From the earliest days when humans contemplated the world around them, they have sought explanations for what they saw. Until very recently, they lacked the tools, both physical and mental, that were needed to provide a reliable picture free of magic and superstition. Not seeing the actual forces behind many events, they mythologized those events in terms that were familiar.
By Victor Stenger (via whats-out-there)
Our understanding of how animals grow from a single cell to billions of cells has benefited tremendously from the easy-to-visualize nature of zebrafish embryos. This video begins roughly two hours after a zebrafish egg has been fertilized and covers approximately 24 hours of the embryo’s life. In less than a day, the embryo will progress through dramatic changes in shape as cells move and specialize in a process called gastrulation. By 9 hours after fertilization, the rudimentary brain will start to thicken, and by 12 hours, premature eyes form. Muscular twitches begin and exaggerate from 20 hours onward before the heart even starts beating properly. Within three days from the start of its one-cell journey, the fish will reach the length of a sesame seed before swimming in search of food.
Video by Dr. Andrei Kobitski, Dr. Jens Otte and Dr. Johannes Stegmaier, Karlsruhe Institute of Technology, Germany.
One of the few more typical illustration pieces I did whilst at uni.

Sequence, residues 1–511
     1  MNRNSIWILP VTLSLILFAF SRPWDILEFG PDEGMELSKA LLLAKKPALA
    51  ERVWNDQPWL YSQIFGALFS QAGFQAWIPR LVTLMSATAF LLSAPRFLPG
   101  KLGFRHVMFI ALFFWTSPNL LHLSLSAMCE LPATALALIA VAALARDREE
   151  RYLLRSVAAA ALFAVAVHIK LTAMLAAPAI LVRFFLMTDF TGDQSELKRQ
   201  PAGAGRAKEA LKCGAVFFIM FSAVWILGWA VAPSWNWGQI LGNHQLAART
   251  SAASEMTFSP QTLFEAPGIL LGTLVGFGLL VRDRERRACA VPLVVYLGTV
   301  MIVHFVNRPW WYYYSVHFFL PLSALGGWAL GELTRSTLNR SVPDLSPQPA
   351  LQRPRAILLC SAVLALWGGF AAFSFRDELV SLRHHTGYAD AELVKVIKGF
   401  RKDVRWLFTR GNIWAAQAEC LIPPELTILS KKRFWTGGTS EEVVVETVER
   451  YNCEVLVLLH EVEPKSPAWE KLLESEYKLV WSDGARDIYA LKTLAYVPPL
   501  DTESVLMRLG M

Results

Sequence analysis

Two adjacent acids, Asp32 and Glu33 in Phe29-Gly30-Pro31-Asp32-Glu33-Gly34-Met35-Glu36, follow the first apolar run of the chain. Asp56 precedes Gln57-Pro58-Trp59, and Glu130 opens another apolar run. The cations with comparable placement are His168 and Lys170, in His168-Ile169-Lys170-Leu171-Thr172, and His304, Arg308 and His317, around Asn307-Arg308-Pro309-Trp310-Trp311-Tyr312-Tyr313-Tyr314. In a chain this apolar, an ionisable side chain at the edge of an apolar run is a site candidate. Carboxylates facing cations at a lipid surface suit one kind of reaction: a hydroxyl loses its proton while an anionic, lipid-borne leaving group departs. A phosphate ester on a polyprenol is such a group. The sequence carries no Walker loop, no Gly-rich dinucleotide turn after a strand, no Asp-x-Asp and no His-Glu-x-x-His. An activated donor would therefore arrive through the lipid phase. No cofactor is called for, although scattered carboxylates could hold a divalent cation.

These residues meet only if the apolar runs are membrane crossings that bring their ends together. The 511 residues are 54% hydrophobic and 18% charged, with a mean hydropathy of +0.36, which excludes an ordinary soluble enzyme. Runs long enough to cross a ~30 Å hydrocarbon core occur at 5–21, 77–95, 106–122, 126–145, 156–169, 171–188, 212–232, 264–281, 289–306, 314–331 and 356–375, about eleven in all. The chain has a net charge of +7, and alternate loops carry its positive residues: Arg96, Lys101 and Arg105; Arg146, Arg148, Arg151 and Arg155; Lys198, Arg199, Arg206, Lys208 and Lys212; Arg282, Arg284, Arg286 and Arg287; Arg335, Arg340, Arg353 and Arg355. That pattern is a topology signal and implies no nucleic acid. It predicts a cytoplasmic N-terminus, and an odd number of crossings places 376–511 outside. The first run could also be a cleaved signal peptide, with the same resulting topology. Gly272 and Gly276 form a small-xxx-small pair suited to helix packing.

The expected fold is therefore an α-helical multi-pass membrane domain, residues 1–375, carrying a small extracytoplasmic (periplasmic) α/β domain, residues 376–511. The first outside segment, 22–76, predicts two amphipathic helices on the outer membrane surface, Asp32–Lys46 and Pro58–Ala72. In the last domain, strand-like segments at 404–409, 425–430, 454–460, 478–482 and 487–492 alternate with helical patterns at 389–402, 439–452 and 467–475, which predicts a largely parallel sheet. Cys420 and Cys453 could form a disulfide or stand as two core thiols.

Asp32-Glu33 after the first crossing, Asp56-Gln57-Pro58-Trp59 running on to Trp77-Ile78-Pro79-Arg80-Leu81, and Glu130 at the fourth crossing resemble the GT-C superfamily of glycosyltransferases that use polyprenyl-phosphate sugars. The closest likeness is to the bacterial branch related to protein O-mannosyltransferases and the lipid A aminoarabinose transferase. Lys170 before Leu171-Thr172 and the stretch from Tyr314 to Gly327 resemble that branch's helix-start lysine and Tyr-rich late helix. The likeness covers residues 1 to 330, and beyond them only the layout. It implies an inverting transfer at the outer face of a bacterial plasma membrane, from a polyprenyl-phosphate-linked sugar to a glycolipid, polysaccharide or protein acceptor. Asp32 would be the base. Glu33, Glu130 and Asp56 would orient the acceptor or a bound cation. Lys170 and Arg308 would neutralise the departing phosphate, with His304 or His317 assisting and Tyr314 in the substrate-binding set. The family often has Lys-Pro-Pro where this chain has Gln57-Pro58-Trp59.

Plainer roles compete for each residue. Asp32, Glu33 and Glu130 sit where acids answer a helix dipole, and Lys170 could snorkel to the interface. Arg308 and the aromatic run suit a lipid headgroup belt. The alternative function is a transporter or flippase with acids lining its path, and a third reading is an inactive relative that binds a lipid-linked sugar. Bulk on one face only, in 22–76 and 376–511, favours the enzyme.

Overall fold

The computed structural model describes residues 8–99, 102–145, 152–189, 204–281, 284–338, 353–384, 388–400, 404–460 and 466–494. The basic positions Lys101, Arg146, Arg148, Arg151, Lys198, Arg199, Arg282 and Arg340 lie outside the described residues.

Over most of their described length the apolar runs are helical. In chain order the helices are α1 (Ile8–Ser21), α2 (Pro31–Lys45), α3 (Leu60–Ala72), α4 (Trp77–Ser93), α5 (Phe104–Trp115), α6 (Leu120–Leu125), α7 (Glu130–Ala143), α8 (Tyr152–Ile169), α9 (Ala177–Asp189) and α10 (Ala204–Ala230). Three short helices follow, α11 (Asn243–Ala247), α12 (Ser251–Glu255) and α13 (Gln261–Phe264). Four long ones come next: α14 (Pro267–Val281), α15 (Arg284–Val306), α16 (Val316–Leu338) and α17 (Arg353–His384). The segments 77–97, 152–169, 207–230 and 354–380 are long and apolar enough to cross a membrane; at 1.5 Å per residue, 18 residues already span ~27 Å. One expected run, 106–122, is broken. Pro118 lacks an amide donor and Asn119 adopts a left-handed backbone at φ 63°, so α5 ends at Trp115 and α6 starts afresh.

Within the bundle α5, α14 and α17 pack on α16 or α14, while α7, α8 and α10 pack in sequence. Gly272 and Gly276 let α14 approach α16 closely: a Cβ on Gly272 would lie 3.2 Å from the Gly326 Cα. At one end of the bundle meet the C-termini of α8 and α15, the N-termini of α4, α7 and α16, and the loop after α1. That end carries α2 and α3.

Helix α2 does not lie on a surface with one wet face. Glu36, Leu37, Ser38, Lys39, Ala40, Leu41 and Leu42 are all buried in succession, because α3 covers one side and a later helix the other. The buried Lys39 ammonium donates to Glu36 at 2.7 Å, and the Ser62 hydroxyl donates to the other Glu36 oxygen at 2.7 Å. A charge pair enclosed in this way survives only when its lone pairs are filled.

Animal rights isn’t something I get that up in arms about, honestly. But something really irks me about the whole white tiger thing… I think it’s the deception.
For those unaware, white tigers are NOT a sub-species of tiger. They should not be being bred for conservation, or arguably at all. And the breeding of them has damaged the captive tiger population, both white and regular, bengal and siberian, beyond repair. They also often suffer ill effects of in breeding.
On October 2nd, Zoo Berlin’s Black Rhino (Diceros bicornis), ‘Maburi’, gave birth to a healthy baby boy!
The yet-to-be named bull calf is, according to keepers, doing exceedingly well. Even without a horn, he can confidently stand on his short, sturdy legs and survey his surroundings. Soon after birth, the calf nursed for a short while and was soon standing on all fours. Protective mother, Maburi, is keeping watch over him in the safe confines of the rhino barn, at the zoo.
Zoo Berlin Director, Dr. Andreas Knieriem, said, “The Zoo Berlin is world famous for its successful Black Rhino breeding. The small bull is already the 18th born in Berlin. We are very excited about the new breeding success of the highly endangered species.”